American immigration policy lacks sympathy

American immigration policy lacks sympathy

By Erica Rohde
Staff Writer


In Monterrey, Mexico, a woman prepares her bags for a journey across the American border. The trip is a dangerous one. She is alone with her baby girl, whom she has promised a better life.

She thinks of what could happen along the train rails: being kidnapped, tortured or captured for ransom. She doesn’t dare look into her child’s innocent eyes as pain will envelope her with the thought that she can’t fulfill her promise.

At St. Ann Catholic Parish of Coppell, I watched as my parishioner Patrick Gothman spoke in a ringing voice about conditions in Mexico. The topic of the night was “Welcome to America,” and I was surprised that my church would address
topics beyond the spiritual.

He asked us a question that still replays in my head. It’s a question that I never thought of but that should have been plainly obvious. I asked myself for the first time in my life what would motivate illegal immigrants to risk death to get to America. You do not get up and leave everything you have ever known on a whim. You do not risk death for a minor cause. These people are striving for a country that can provide the basic necessities of life that their home cannot.

Joaquin Guzman’s Sinaloa cartel inspired thousands of new dealers to get on the black market payroll in Mexico. Fathers, sons, storeowners and cab drivers are all on the cartel’s side. Guzman and the Los Zeta group created a surge of violence throughout the region. The cartels took on strength that overpowered all markets.

I can state as many statistics and facts that I want. I can give you a full on research paper on the subject, but readers still won’t understand the hardship until they have experienced it for themselves. If it weren’t for my pride, I could have come to that realization sooner – that if I were born in those conditions, I would do whatever it takes to get out. But my options wouldn’t be so promising.

According to the Maryland Catholic Conference and the Law Office of Judith C. Todes, there are four ways to be admitted legally: employment-based sponsorship, asylum refugee status, diversity lottery and family-based sponsorship.  With these choices, a legal status should be easy to obtain, right?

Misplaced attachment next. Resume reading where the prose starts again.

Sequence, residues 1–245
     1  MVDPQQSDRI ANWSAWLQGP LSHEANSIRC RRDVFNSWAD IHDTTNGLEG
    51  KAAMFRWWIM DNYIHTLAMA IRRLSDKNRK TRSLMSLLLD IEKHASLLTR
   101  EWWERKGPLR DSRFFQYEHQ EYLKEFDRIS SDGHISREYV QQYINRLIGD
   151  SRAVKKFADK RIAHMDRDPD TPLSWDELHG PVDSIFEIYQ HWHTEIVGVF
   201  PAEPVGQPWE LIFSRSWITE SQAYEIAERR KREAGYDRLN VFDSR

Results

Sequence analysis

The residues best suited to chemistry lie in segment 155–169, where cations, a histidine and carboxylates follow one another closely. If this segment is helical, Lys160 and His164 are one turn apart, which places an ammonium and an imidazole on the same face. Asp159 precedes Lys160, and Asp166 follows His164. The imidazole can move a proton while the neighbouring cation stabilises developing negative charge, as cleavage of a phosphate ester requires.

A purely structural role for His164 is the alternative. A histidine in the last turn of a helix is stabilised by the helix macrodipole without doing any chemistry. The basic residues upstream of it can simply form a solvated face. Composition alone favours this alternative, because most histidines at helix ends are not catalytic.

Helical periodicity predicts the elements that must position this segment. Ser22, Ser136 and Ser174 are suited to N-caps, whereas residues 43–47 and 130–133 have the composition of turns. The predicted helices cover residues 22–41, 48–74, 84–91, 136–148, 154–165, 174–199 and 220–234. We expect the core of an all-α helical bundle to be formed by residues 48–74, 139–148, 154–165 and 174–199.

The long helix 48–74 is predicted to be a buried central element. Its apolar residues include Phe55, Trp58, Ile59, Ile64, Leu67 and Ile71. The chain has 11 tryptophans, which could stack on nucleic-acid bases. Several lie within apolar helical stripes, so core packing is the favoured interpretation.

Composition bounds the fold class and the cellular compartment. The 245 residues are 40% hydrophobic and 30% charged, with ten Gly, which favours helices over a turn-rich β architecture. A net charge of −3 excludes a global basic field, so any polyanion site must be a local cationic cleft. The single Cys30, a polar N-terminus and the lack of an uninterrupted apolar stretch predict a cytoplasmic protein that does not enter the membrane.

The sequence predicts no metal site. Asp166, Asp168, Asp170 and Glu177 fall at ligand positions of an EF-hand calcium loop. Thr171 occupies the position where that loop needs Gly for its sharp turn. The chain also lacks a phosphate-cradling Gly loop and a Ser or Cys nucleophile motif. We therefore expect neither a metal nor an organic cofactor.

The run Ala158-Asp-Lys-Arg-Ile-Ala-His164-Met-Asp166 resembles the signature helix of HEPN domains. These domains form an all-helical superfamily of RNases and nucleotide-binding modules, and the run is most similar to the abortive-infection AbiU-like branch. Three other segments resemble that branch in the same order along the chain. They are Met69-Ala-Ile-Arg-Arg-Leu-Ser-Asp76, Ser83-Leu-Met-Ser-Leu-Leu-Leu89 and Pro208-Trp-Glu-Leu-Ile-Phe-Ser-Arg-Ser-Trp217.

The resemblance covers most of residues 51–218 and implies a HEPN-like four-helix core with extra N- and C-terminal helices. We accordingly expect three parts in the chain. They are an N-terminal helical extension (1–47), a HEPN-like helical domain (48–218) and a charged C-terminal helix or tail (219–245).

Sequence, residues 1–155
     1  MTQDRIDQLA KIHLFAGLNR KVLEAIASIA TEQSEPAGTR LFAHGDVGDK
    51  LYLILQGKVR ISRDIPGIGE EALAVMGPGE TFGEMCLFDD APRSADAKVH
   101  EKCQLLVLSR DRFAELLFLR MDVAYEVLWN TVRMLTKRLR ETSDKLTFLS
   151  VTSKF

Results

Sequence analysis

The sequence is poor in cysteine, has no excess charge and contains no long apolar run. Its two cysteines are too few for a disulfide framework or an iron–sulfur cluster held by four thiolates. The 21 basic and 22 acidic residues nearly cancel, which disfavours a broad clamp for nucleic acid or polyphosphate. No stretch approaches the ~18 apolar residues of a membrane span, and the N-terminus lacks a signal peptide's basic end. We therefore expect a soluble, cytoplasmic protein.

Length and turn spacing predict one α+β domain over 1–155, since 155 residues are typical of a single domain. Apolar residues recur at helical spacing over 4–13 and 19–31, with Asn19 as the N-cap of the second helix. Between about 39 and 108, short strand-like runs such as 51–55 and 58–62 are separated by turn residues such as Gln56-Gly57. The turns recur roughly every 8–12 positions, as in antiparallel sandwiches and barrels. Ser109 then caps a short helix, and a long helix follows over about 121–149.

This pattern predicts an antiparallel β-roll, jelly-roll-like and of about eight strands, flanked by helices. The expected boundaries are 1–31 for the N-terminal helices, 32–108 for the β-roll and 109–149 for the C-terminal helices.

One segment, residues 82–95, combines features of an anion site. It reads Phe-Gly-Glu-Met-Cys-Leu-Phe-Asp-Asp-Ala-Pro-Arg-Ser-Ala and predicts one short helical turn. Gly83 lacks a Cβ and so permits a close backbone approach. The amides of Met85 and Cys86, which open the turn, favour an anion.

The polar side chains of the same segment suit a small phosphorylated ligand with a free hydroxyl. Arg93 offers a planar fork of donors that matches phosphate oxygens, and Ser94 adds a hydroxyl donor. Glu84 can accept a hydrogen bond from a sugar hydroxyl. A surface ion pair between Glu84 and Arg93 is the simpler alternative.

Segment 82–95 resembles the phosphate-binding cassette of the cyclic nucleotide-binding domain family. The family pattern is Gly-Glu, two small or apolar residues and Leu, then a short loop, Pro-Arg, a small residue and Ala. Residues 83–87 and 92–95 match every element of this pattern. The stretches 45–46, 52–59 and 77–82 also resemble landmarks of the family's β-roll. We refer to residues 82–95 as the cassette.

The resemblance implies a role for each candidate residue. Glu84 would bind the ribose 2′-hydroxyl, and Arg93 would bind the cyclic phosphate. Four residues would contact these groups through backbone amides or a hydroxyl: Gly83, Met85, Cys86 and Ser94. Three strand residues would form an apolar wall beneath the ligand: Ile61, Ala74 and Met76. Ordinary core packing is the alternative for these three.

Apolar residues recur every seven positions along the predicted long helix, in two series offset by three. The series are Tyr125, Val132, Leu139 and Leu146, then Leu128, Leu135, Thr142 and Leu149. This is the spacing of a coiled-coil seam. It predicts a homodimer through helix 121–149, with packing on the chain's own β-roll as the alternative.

The options are limited on different scales. There are a limited number of Visas available. Employers, by law, cannot sponsor an immigrant unless there are no other U.S citizens to fill the position. The asylum refugee status has only been used on account of communist takeovers. Only 55,000 lottery spots open up per year, while 700,000 people per year coming in illegally. The waiting list for family-based sponsorship ranges up to thirty years.

Illegal immigrants are willing to risk their lives instead of using these uncertain methods. For them, there is no time to lose, and they are willing to make their sacrifice.

If American policy addressed this issue, we could reduce the amount of women, men and children dying on their journey along the border. We are talking thousands, thousands of which it is not their fault that the United States has made it difficult to enter legally. They are striving for human nourishment that is not given at home. There is a possibility of dying every day. They do not want their children living in fear.

We must ask ourselves what kind of sacrifice America is making to atone for people suffering within and right outside our borders. America has the duty to accommodate migration flows as it has a steady government and economy compared to Mexico.

Migration is a permanent state of being just as long as war, famine, oppression, abuse, poverty and religious freedom are affecting the world. They are the main factors of life that will not leave anytime soon.

What I find so hypocritical about some Americans who look negatively at Mexican immigrants is that they don’t know how they would react if they had a less privileged life in Mexico. They don’t know if they would pack their bags and leave. They don’t dare question their country because it would be unpatriotic and too appalling of a concept.

Look at your country straight in the eye, America. Are your politicians making policies that are truly humane or hypocritical? Are we fighting for human rights or efficiency? Pick what side you’re on.